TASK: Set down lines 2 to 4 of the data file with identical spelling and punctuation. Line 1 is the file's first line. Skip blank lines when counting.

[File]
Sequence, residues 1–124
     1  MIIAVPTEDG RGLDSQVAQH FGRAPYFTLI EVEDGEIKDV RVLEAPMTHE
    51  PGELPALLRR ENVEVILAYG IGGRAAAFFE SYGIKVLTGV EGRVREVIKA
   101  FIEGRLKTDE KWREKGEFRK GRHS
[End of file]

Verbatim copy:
     1  MIIAVPTEDG RGLDSQVAQH FGRAPYFTLI EVEDGEIKDV RVLEAPMTHE
    51  PGELPALLRR ENVEVILAYG IGGRAAAFFE SYGIKVLTGV EGRVREVIKA
   101  FIEGRLKTDE KWREKGEFRK GRHS